Immigration Issues in New Orleans

As many New Orleans residents push their ways steadily back to the “chocolate city”, a new flavor has made its way to the big easy as the granting of legal status to illegal aliens is underway.  An estimated 12 million illegal immigrants have forced their way into the United States demanding the right to become allowable by law. 


Numerous aliens have come from the outskirts of the U.S. in search of low income jobs in order to make a living.  Taking in countless jobs to rebuild the devastated city of New Orleans, immigrants have added a different atmosphere around the french rooted community.  About 40 to 50 percent of workers in the gulf coast regions are immigrants, legal and illegal, according the U.S. Census.  “Before these immigrants, there were white immigrants and before them there were slaves.  Citizenship should be given to the immigrants because America needs them as much as they need America,” said Rashad Simms, a freshman mass communications major from Washington, D.C.            Many businesses needing help in service jobs such as cooks, laborers and housekeepers are finding a number of workers from other parts of countries.  At the Blue Devil Cafe, Dillard University’s cafeteria at the Hilton Hotel, about 40 percent of workers are non-American.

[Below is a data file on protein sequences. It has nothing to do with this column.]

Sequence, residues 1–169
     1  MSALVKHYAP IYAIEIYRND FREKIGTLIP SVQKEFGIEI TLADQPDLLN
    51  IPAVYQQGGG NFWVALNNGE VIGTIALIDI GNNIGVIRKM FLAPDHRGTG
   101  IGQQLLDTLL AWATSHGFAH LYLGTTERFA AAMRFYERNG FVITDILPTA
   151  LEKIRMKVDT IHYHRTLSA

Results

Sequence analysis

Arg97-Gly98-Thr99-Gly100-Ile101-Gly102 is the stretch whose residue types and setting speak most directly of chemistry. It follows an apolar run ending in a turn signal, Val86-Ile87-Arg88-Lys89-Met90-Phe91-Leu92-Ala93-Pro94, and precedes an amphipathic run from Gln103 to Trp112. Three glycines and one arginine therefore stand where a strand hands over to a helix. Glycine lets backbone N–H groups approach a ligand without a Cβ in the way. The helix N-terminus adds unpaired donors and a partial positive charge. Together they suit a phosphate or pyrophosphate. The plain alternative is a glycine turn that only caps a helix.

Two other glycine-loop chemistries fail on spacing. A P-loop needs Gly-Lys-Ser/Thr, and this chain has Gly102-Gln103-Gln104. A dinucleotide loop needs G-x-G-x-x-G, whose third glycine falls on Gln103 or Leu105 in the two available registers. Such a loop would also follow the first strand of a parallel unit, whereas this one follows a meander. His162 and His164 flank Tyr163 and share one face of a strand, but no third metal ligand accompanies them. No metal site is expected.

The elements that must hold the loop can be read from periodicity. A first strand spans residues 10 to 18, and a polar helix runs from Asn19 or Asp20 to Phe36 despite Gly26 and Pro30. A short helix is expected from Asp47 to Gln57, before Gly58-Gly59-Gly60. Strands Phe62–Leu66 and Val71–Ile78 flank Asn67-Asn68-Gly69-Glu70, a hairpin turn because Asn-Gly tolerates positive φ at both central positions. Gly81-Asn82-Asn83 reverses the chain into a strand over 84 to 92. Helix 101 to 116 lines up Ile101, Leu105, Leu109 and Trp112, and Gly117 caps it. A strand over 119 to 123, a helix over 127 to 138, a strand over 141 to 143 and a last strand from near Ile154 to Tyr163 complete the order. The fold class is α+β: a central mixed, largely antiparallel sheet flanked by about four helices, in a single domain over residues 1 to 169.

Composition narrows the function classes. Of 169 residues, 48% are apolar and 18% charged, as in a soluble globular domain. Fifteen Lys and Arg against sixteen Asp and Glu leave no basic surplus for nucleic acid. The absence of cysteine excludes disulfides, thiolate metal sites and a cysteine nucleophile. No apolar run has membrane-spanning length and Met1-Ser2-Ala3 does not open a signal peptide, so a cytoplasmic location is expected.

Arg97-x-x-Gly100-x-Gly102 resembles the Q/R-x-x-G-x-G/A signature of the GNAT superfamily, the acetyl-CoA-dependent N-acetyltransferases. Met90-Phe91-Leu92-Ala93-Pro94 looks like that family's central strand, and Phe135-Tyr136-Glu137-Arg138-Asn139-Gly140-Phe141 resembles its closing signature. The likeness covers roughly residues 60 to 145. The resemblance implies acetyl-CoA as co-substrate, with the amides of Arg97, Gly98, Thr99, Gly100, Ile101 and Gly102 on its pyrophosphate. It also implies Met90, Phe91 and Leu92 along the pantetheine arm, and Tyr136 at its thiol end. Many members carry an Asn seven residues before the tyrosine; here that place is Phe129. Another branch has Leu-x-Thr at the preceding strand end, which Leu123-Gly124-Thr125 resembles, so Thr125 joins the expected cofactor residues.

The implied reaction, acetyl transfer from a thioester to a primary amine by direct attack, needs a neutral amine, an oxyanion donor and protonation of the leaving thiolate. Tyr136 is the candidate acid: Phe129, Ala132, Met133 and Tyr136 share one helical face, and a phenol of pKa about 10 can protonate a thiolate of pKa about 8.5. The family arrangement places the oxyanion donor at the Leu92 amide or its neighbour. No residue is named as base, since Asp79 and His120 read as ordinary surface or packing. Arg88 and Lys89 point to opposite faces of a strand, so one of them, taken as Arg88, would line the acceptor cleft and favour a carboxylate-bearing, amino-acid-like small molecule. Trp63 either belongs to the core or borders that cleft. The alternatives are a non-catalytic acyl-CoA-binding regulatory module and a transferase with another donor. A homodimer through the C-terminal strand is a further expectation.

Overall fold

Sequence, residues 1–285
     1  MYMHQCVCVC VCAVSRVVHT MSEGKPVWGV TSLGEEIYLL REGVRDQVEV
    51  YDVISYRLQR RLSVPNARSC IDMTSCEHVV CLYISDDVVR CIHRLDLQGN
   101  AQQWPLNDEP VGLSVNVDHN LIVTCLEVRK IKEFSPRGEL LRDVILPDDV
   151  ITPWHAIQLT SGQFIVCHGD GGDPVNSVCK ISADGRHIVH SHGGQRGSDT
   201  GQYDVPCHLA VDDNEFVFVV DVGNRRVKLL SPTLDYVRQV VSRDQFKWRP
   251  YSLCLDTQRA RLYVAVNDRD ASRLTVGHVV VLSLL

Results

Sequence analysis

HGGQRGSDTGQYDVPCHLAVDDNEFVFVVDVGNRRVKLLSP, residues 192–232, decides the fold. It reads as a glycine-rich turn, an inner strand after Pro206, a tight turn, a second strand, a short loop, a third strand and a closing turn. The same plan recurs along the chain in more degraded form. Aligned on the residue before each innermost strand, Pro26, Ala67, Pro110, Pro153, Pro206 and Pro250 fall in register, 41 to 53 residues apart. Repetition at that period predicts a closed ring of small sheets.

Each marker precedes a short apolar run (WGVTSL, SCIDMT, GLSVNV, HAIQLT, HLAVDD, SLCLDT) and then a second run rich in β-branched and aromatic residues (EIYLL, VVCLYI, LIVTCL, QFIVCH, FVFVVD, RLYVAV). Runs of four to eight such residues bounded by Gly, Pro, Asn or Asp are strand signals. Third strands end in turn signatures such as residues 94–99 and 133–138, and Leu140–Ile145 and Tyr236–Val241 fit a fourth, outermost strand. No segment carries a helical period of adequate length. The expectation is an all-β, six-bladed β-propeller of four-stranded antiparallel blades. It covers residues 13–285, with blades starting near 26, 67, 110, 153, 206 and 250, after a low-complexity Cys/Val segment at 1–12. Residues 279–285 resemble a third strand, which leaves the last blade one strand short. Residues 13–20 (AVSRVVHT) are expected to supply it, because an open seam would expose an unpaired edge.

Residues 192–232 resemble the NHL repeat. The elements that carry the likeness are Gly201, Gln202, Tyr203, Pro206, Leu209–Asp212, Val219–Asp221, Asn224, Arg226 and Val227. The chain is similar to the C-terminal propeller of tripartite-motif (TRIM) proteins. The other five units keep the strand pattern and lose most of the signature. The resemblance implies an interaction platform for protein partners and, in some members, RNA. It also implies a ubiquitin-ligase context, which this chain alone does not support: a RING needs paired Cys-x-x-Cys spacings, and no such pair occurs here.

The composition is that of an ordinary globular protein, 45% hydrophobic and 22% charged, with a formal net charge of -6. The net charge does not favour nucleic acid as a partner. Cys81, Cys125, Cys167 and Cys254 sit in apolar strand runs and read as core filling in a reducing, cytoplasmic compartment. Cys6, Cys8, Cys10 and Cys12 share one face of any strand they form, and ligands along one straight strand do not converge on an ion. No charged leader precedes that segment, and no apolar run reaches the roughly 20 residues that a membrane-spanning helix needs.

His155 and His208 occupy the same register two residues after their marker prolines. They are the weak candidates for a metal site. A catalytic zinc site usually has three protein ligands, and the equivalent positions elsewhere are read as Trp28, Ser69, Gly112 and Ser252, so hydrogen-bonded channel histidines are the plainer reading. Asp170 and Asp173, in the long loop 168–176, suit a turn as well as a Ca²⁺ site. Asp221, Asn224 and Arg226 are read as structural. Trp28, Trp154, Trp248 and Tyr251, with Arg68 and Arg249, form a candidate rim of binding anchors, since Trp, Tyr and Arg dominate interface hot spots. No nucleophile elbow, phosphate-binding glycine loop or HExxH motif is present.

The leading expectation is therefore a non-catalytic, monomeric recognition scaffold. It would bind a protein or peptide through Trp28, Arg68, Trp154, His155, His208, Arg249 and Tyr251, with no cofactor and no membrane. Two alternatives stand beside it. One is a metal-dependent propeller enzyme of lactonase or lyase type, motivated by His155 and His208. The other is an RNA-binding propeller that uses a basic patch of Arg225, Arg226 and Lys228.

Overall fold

Jesse Hathorne, the manager of banquets at Dillard’s Blue Devil Cafe, accepts the hardworking skills of the minority workers.  “I think these excellent workers should be given a chance to become citizens.  They deserve it.”


Like the those who are able to work around Dillard University, most of the employees are offered jobs through International Hospitality Service, a service organization that supplies immigrants’ employment opportunities.  Now, through protests and rallies, outside cultures are fighting for their right to legal citizenship and equal employment rights.


Bruce Rhone, a senior psychology major from New Orleans said that he believes everyone should be given equal rights and he supports the law and the efforts of illegal immigrants.


One employee at the Blue Devil Cafe, who asked to remain anonymous, stated that a lot of Hispanics in the city got together for a protest to make temporary green cards available for them to stay at least five years.


The employee also said that Congress should give them a chance one step at a time because many illegal aliens are paying as much as $2,000 to cross the border and sneak in.  Taking time to make a decision on the immigration laws may create more problems for the nation.


Some students agree that democracy should be given to immigrants but believe that other political issues should be dealt with before the government jumps into another one.  Farah Akbar, an freshman English major from Atlanta, Ga. said, “Our efforts in Iraq should be diverted to Mexico and South America to create less immigration, less war, and less gas leverage for America.”            Immigrants of unknown status increasingly fill New Orleans as jobs are offered frequently.  Deciding whether or not to make life easier or harder for illegal workers, the US Senate continues to debate over several bills to legalize immigration.  Continuously, parades of protest are being organized in many states including Texas, California and Florida.  The decision to allow undocumented workers to become legal in the US is a decision yet to be settled.